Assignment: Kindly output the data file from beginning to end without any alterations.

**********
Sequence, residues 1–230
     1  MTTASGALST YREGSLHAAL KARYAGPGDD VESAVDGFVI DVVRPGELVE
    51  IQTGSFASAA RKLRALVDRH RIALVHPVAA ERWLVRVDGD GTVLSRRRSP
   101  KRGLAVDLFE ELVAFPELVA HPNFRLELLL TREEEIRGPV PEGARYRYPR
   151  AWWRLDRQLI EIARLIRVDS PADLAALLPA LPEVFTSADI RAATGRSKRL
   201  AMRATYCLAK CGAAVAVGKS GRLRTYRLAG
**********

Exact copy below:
Sequence, residues 1–230
     1  MTTASGALST YREGSLHAAL KARYAGPGDD VESAVDGFVI DVVRPGELVE
    51  IQTGSFASAA RKLRALVDRH RIALVHPVAA ERWLVRVDGD GTVLSRRRSP
   101  KRGLAVDLFE ELVAFPELVA HPNFRLELLL TREEEIRGPV PEGARYRYPR
   151  AWWRLDRQLI EIARLIRVDS PADLAALLPA LPEVFTSADI RAATGRSKRL
   201  AMRATYCLAK CGAAVAVGKS GRLRTYRLAG